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VR Analgesic Gallery

VR eases suffering through a winter landscape—you both travel through an outdoor gallery of your favorite images and memories.

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Who is your idea designed for and how does it reimagine the end-of-life experience?

This experience is designed for terminally ill patients and their loved ones–near and far. Loved ones unable to visit a terminally ill friend or family member could visit them in Virtual Reality and experience this analgesic memory gallery together. Access could be granted through a network of providers offering access to this service.

Virtual reality can help ease suffering—burn victims comforted by cold, wintry scenes.

Image title

 By this logic, artists and programmers could design a suite of immersive scenes (anxiety—the gentle waves of the ocean lapping the rocky shore; 

waves hitting shore

chills-a cozy cabin with a crackling fire; fever–walking over a frozen lake by snow-covered woods;  etc.) that populate with a personalized gallery of selected images and audio 

gallery concept (interior)

(see article for examples of research in this growing field).

Together, a person suffering in their final days and their loved one can virtually traverse the analgesic environment and encounter favorite images, songs, and videos—sparking reflection, conversation and memories.  The project is focused on easing suffering and helping stimulate important moments of connection between the suffering individual and their loved ones.  Loved ones unable to physically travel to the terminally ill friend or family member could join them through VR technology–a service ideally provided through a local provider but part of a worldwide network.  The VR analgesic gallery is both a virtual escape and something deeply personal.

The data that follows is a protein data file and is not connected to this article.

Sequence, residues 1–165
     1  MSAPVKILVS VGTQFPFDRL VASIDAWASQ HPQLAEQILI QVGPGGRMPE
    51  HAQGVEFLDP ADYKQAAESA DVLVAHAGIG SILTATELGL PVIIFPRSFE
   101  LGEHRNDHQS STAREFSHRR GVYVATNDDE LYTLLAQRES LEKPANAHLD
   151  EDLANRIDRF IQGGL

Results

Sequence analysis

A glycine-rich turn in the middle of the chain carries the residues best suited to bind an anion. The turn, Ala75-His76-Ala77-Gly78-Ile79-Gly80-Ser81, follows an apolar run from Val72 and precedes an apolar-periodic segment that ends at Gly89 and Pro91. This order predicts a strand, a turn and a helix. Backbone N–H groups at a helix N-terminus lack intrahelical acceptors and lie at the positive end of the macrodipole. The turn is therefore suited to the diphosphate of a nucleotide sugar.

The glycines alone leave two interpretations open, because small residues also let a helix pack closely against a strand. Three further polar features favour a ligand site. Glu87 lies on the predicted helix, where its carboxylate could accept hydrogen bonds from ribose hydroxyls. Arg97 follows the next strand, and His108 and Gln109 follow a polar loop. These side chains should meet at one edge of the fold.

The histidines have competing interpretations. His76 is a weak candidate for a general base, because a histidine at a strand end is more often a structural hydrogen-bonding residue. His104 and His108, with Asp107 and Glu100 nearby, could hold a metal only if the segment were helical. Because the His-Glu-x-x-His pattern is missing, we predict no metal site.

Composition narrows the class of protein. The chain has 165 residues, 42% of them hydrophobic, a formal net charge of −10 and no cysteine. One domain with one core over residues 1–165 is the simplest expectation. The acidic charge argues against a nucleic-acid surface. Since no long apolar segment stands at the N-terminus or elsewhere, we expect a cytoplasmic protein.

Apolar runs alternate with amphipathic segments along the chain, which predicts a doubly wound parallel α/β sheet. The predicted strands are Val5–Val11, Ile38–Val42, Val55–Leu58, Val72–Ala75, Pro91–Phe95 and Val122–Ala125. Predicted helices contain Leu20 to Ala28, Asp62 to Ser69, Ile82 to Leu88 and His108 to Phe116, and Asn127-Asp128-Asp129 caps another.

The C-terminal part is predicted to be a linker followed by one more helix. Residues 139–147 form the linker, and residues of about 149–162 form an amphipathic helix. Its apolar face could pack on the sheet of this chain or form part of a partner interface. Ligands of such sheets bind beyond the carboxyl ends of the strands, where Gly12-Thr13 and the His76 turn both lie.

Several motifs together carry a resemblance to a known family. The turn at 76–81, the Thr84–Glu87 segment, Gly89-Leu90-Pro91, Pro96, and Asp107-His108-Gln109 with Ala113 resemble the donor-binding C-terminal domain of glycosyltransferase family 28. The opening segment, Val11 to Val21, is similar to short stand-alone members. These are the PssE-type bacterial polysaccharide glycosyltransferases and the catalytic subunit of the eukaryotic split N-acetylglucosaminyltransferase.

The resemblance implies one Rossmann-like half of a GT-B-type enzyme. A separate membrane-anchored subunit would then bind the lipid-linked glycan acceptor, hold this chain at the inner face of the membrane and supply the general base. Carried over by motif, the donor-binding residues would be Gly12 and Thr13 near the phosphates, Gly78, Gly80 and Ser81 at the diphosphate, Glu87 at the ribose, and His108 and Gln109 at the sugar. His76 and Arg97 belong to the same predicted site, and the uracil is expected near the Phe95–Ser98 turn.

What early, lightweight experiment might you try out in your own community to find out if the idea will meet your expectations?

Working with a programmer to design an immersive scene for the Oculus Rift would be a good starting point. Also, I live near the University of Colorado Anschutz Medical Campus in Aurora Colorado, so there could potentially be many partners (main hospital, veterans, children's hosp, etc.) for testing this concept.

What skills, input or guidance from the OpenIDEO community would be most helpful in building out or refining your idea?

familiarity with logistics/implementing a service across a system of providers programmers/VR specialists

Tell us about your work experience:

I was a post-doc in a university lab focused on VR and healthcare (Wisconsin Institutes for Discovery: Living Environments Lab). My training is in ethnography.

This idea emerged from

  • An Individual


Join the conversation:

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Photo of Joanna Spoth

Hi Carrie! I wanted to quickly pass along some feedback we recently received from our challenge sponsors:
"We're excited about the ease of this idea to be tested on a small scale. It seems like a natural improvement on what currently exists in the hospital environment."

Looking forward to seeing your idea continue to evolve in this last week of our Refinement phase!

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Welcome to the refinement phase Carrie! Here are some key questions and milestones we encourage from all ideas in the Refinement: